Rutgers Dance Marathon Raises More Than $1M for Cancer Charity, Topples Past Records
Largest, student-run philanthropic event in the state draws more than 1,700 dancers to 24-hour benefit supporting Embrace Kids Foundation
'It’s just a beautiful sight to see the students and the families and patients dancing together. We are all standing and dancing together for one cause.'– Jennifer Noji, RUDM marketing director
Rutgers University Dance Marathon has done it again.
Now in its 19th year, the fundraising juggernaut surpassed previous year’s records by thousands this weekend, drawing more than 1,700 dancers and nearly 200 volunteers to raise $1,038,986.13 for Embrace Kids Foundation.
The largest student-run philanthropic event in the state, RUDM has raised nearly $6 million since its inception for the New Brunswick-based nonprofit, which supports the non-medical needs of children with cancer and blood disorders and their caregivers.
“The goal in our minds is always just to break the record. Period,” said RUDM marketing director and Rutgers senior Jennifer Noji, 22, who cited last year’s totals of 1,350 dancers, 350 volunteers and $912,143.47 in donations. “That’s what we strive for – more Rutgers and community involvement.”
To achieve that, RUDM amped up its recruitment efforts this year, said Noji, dispatching volunteers to the new-student orientation for the first time to start the indoctrination early.
“They learn that dance marathon is part of the Rutgers culture and tradition,” said Noji, who has participated in the fundraiser all four of her years at Rutgers. “So it’s just something they know they want to be a part of.”
Once a continuous 30-hour dance party, RUDM planners broke the event into two back-to-back, 12-hour sessions last year to better accommodate the ever-expanding crowd. A new color war tradition was introduced at this year’s event, said Noji, which grouped dancers into eight different color teams to compete in activities, including tug of war, karaoke contests and a life-sized game of Hungry Hippos.
But the highlight of RUDM remains family hour, she said, when the young patients served by the charity and their families are paraded through the crowd like celebrities.
“It’s just a beautiful sight to see the students and the families and patients dancing together,” she said. “We are all standing and dancing together for one cause.”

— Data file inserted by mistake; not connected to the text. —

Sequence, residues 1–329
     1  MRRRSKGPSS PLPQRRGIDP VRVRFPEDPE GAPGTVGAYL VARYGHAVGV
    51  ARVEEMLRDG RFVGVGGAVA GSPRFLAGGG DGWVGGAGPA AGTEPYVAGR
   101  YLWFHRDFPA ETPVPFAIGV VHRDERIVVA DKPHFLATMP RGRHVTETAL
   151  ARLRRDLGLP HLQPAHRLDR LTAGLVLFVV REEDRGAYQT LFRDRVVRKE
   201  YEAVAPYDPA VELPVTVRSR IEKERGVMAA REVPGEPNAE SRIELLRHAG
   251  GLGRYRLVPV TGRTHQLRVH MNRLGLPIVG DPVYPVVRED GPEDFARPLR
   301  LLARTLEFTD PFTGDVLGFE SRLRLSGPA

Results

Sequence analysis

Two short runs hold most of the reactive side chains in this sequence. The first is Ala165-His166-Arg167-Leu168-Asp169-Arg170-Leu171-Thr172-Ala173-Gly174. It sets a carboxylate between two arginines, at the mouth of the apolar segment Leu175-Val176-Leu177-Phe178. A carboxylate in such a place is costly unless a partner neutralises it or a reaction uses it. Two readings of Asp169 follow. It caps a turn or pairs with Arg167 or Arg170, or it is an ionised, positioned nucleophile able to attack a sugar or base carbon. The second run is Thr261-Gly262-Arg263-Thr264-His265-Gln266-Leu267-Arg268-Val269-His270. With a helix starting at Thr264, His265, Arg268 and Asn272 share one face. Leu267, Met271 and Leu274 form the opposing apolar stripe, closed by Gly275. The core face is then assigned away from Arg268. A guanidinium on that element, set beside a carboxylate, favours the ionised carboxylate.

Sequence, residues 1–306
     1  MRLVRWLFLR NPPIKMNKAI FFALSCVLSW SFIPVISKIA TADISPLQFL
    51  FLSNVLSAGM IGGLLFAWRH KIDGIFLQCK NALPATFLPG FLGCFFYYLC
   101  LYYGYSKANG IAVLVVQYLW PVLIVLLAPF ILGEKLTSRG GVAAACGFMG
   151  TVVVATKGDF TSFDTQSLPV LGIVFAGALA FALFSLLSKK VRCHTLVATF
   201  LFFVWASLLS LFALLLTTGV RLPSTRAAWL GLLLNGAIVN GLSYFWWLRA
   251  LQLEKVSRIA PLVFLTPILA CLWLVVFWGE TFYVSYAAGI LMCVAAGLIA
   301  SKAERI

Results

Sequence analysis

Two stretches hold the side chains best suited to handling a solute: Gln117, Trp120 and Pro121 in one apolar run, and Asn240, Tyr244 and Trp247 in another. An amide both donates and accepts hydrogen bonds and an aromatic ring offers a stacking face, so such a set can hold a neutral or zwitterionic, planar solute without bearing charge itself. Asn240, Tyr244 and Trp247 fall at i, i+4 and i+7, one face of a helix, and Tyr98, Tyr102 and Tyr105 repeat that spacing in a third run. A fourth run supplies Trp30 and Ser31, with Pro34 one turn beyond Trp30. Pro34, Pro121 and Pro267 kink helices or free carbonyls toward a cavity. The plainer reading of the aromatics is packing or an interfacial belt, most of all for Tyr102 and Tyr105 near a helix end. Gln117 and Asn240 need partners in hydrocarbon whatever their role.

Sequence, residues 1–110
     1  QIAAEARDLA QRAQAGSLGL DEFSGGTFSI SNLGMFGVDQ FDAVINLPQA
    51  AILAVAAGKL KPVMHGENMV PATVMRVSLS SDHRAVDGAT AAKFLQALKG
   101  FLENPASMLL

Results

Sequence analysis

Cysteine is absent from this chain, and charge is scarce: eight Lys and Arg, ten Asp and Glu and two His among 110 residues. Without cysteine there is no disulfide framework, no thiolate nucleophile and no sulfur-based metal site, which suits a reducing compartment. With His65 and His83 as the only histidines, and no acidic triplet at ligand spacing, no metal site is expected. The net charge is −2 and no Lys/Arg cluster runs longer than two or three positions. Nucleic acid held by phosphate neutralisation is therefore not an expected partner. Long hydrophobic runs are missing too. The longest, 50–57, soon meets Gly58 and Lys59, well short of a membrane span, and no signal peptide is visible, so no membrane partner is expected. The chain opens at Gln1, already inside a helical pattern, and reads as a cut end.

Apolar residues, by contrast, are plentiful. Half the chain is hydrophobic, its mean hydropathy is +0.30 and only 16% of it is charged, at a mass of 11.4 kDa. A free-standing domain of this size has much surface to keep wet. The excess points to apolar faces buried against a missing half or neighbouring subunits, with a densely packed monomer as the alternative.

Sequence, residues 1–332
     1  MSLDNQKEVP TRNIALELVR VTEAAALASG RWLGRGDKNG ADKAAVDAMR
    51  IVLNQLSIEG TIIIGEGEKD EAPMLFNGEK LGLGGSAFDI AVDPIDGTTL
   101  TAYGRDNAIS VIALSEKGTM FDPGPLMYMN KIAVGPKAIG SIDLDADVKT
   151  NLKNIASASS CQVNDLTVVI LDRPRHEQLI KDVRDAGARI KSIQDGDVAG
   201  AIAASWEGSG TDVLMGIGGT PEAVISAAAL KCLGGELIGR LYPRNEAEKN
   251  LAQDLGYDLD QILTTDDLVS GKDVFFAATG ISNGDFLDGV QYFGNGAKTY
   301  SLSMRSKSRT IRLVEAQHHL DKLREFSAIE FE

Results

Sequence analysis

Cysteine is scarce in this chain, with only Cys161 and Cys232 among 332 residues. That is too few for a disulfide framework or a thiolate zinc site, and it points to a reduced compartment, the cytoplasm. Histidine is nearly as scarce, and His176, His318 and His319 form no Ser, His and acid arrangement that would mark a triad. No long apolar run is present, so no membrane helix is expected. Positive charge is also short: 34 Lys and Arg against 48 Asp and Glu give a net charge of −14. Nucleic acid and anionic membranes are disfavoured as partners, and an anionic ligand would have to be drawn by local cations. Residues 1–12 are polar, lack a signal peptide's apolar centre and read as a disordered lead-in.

RUDM is the culmination of a yearlong fundraising campaign, during which volunteers solicit donations from family, friends and corporate sponsors or host bake sales and other events. All participants must raise a minimum to attend the big bash at the Rutgers Athletic Center – dancers, $350; volunteers, $100; planners $450-$700.
“What’s really cool is the money is not spent on cancer research or to pay medical bills but everything else, like putting gas in somebody’s car or paying rent or helping patients pay for school,” said Noji of the more than 300 patients and their families who receive financial support through Embrace Kids Foundation. “Our ultimate goal is to try to create a sense of normalcy that has been taken away because of illness.”
Five years ago, Michael Nicolaro was one of those patients fighting for normalcy and his life.
He was 16 and being treated for Hodgkin's lymphoma at Robert Wood Johnson Medical Center when he was “adopted” by a group of Rutgers fraternity volunteers with RU4Kids – a program under Embrace Kids Foundation that links students with patients to provide emotional support through regular visits and outings.
Today, the 21-year-old Rutgers senior is cancer free and just wrapped up his fourth and final dance marathon, having raised a total of $6,000 as an undergraduate.
“I’ve seen it from both sides,” said the East Brunswick resident who received a scholarship from Embrace Kids Foundation to help with his Rutgers tuition. “I’ve directly benefited from the funds of dance marathon. Now I’m face-to-face and forging relationships with the families and seeing where those funds are going and the impact it making.”
In addition to being a dancer, Nicolaro works as a patient liaison with Embrace Kids Foundation, handling planning and events throughout the year and visiting patients and their families in the hospital and clinics. He and his Phi Kappa Sigma brothers are paired with a few children in the program.
“I’m empathetic and I understand what’s going on. It gives me awesome opportunity to connect with these kids,” said Nicolaro, who hopes to apply to medical school after graduation and work one day as an oncologist. “A lot say, ‘You don’t get it. You don’t know.’ But I do. Even the parents, when they see someone whose gone though it and comes back, it gives them that spark of hope, that light at the end of the tunnel.”